The Tesla Model 3 Owners Club is quivering with excitement.
Members are planning what song they’ll crank up when driving their new Tesla off the retail lot: Steppenwolf’s “Magic Carpet Ride,” AC/DC’s “Back in Black,” Simon and Garfunkel’s “The Sounds of Silence.”
“We’ve been following the Model 3 program for a long time now,” said Trevor Page, founder of the online forum. Friday night, their tension might find release, as Tesla Chief Executive Elon Musk hosts a stage show to hand the keys to the first few new Model 3 customers amid great fanfare.
The club’s 7,000 members are not owners yet, but they hope to be soon. Most have put down $1,000 deposits on the car, Tesla’s long-anticipated “mid-market” pure-electric sedan.
“Most of our questions will be answered, I hope,” Page said.
Those questions include:
*How far will the Model 3 travel between charges?
*What will it cost with options?
*How long will I have to wait to buy mine?
The Model 3 is central to Tesla’s future and to Musk’s vision of a humanity-saving alternative energy company that can provide electric cars, solar roofs and home storage batteries in one customer-friendly package.
The cars can be purchased a la carte, of course. The success of the whole venture right now rides on success of the Model 3. The company has a record of missing aggressive production goals. But the Model 3 project is so important to the company, and so many people have been waiting for the car for so long, that any serious delay could endanger the entire effort.
About 30 have been made. The company plans to turn them out by the hundreds of thousands in 2018 — slowly ramping up the monthly production output from 100 in August to 20,000 in December.
The company touts the car as an electric sedan loaded with self-driving hardware, with a range of at least 215 miles and a base price of $35,000.
Tesla is likely to offer more powerful, longer range battery packages with the Model 3, as it does for its Model S and Model X luxury cars.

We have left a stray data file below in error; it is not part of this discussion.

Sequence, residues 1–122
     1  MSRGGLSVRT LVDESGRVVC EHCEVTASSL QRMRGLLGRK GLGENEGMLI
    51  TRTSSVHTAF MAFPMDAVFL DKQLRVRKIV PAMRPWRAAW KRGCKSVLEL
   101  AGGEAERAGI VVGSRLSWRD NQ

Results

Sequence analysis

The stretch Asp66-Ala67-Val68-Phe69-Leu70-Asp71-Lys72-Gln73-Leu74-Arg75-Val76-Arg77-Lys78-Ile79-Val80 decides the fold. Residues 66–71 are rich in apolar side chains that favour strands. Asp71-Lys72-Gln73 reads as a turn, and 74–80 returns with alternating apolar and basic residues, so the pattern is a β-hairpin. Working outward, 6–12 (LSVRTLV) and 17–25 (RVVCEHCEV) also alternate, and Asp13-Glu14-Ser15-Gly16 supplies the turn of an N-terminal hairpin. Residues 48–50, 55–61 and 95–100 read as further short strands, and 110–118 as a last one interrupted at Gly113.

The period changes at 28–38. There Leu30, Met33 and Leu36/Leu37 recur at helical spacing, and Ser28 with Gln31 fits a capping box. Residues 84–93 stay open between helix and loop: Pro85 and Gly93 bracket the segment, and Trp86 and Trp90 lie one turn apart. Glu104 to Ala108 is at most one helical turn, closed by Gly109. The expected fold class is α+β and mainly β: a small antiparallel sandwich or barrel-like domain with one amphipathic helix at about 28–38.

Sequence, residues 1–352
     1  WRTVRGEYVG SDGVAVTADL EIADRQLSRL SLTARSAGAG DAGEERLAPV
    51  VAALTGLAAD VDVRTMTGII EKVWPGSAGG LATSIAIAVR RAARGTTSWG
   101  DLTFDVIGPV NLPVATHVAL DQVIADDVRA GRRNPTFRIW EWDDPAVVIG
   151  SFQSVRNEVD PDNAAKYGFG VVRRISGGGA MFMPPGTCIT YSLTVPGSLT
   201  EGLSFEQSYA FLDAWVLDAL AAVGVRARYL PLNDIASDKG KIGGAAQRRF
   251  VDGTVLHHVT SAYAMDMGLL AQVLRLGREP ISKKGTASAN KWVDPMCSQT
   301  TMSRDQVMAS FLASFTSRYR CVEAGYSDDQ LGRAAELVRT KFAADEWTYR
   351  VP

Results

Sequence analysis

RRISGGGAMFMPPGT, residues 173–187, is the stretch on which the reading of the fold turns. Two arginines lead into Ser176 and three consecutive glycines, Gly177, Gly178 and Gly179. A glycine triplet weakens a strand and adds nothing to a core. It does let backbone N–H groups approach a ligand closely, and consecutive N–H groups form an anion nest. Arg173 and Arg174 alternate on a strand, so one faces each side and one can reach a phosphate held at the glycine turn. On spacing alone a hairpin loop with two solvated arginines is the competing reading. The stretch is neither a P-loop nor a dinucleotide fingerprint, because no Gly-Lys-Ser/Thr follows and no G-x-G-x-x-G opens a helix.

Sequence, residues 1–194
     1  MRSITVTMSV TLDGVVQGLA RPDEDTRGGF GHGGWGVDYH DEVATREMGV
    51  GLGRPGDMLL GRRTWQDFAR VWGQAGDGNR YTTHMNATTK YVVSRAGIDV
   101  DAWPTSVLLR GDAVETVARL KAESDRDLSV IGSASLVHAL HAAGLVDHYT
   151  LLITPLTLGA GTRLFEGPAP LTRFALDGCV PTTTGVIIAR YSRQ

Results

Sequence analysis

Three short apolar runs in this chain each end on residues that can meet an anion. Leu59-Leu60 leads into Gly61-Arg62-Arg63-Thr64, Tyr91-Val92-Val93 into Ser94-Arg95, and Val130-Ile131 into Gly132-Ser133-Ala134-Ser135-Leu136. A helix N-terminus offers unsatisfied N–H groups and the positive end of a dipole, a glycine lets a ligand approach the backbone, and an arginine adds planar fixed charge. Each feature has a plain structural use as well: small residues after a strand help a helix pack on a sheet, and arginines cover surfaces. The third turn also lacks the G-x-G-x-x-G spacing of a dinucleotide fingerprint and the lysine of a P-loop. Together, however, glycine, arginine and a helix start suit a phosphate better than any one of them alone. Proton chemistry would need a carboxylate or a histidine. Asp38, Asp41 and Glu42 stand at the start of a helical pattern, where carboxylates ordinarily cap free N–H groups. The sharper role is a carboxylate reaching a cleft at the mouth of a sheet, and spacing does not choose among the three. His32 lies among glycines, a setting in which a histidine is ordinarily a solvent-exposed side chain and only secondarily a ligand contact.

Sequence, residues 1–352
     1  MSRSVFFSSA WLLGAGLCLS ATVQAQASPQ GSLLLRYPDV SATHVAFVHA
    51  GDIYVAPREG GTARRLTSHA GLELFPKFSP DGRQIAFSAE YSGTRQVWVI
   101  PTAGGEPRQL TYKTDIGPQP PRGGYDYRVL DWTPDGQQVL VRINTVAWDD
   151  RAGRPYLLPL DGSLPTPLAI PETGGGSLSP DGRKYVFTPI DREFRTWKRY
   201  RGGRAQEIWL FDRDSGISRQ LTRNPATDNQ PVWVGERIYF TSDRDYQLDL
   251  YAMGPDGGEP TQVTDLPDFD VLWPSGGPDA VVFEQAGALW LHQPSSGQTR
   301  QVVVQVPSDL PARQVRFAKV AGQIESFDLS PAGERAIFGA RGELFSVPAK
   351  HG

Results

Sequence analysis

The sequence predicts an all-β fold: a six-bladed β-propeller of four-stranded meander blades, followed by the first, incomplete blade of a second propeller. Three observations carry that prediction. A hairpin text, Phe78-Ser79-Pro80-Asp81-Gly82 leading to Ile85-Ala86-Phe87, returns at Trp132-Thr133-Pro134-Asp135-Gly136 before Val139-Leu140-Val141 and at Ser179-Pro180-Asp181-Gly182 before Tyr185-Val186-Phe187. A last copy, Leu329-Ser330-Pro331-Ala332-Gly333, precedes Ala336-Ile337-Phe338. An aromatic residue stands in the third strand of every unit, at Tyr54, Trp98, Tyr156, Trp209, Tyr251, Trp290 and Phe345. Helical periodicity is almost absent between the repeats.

But that would cost extra. So would software needed to make the self-driver sensors work. Plus, other options that may be announced Friday evening.
“With options and everything, I’m expecting a $50,000 car,” said Michael Fazio, 36, a technology consultant who lives in West Hollywood. That’s fine with him. He drives a BMW 340 right now, and sees $50,000 as an affordable price.
The Model S and X are aimed at deep-pocket buyers – with options, they can easily exceed $100,000.
The Model 3 must appeal to everyone from rich people who want to add to their electric car collection to first-time buyers wondering whether they can afford the lease or loan payments.
Artem Biloborodko, 22, is one of the latter. A video producer in Canada, he has been jonesing for a Tesla “since high school, when I watched a documentary on Tesla and how it wanted to make affordable cars.”
He has put down a $1,000 refundable deposit, one of perhaps 378,000 to do so. (The company stopped publicizing its “order” count early last year. The current number could be more than that, or less.)
He’s looking forward to the Friday event and the details that might be unveiled. He’s hoping it’s not “just hype.”
“Musk has said all these things like it’s going to look like a space ship, maybe Supercharging is going to be free, that [the Model 3] is going to have a solar roof,” Biloborodko said. “Now he’s saying no and no and no, this is not going to happen.” He’s asking himself “will it really make sense to spend that kind of money?”
The car will look like a space ship if that ship has a big iPad-looking screen that replaces all dashboard instrumentation: except for the screen, the dash will be unequipped and unadorned.
Musk did hint last year that its Supercharger charging network would come with the car, at its official unveiling in 2016 he didn’t use the word “free.”
The solar roof, Musk recently declared, is a no-go.
None of that bothers Fazio. Even the plain dash with the touch screen holds a modern-tech appeal for him. “I’m still on board. I’m one of those crazy people who camped out early at the Century City store. I was seventh in line.”
That was in March 2016, when Tesla began taking Model 3 deposits and reported that 200,000 people had laid their money down on the first day.
Fazio hopes his camp-out gave him a good spot in line. He’s counting on delivery by April. “But I wish they would divulge the order” of deposit holders, he said. So far, Tesla has offered buyers no clue how long they might have to wait.
If his car isn’t ready then, “I’m going to have some choices to make,” Fazio said. He timed the BMW lease to expire next spring, in anticipation. “In L.A., you need a car,” he said.
How many deposit holders will remain true and how many will want their money back at this point is unknown, but the ultimate answer may well determine the Model 3’s future. The company spends billions in cash and is billions in debt, with new cash provided mostly by fresh equity investments. At some point, Tesla’s cash flow needs to turn positive and stay that way.
Customers such as Fazio will be key. While like many owners and reviewers, he thinks that BMW is steadily cheapening the interiors on its 3 series year by year, he still loves the way they drive.
He won’t buy the Tesla Model 3 without driving one first, he said. “I hope there will a few floor models to test drive.”